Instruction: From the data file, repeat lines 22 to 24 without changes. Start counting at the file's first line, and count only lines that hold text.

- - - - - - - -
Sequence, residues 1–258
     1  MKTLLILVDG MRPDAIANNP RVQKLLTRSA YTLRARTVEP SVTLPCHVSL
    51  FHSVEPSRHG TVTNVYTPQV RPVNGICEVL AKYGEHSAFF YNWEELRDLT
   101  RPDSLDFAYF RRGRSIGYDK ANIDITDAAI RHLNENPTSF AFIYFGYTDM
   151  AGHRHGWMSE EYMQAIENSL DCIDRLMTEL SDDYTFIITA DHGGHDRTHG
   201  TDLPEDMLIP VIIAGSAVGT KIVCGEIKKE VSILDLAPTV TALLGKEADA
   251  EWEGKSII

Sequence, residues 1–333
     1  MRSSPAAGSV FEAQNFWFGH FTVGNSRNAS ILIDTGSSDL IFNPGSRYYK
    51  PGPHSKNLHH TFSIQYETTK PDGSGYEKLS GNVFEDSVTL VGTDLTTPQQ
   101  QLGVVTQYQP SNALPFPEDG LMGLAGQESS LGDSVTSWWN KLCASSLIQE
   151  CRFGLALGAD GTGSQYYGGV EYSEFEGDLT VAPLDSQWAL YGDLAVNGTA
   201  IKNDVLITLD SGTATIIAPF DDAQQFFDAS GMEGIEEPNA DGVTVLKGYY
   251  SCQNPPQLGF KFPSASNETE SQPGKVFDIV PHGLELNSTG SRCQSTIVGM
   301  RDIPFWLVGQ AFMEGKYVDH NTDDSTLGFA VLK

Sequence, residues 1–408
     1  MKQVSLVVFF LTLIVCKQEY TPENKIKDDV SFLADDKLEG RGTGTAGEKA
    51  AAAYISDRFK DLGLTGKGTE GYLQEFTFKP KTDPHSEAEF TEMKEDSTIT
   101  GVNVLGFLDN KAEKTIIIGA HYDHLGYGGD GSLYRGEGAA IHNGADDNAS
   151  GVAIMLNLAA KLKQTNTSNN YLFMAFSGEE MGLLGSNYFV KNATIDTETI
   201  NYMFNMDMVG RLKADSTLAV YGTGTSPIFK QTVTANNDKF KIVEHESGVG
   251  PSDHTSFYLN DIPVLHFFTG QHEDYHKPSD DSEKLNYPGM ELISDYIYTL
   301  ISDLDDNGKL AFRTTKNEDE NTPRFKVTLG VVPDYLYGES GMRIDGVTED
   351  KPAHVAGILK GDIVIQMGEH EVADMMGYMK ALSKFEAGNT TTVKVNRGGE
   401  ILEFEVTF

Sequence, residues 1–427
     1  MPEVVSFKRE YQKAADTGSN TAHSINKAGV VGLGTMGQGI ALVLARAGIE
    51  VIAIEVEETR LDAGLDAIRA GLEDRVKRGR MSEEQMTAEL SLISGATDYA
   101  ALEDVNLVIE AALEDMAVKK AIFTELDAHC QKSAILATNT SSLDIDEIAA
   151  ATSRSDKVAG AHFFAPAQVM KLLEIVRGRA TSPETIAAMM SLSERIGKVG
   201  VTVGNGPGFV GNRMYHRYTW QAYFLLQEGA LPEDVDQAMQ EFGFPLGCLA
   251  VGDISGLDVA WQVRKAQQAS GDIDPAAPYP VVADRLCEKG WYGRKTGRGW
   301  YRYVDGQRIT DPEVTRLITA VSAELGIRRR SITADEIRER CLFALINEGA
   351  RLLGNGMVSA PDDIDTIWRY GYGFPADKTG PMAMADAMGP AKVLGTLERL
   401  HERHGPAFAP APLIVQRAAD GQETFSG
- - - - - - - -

   251  PSDHTSFYLN DIPVLHFFTG QHEDYHKPSD DSEKLNYPGM ELISDYIYTL
   301  ISDLDDNGKL AFRTTKNEDE NTPRFKVTLG VVPDYLYGES GMRIDGVTED
   351  KPAHVAGILK GDIVIQMGEH EVADMMGYMK ALSKFEAGNT TTVKVNRGGE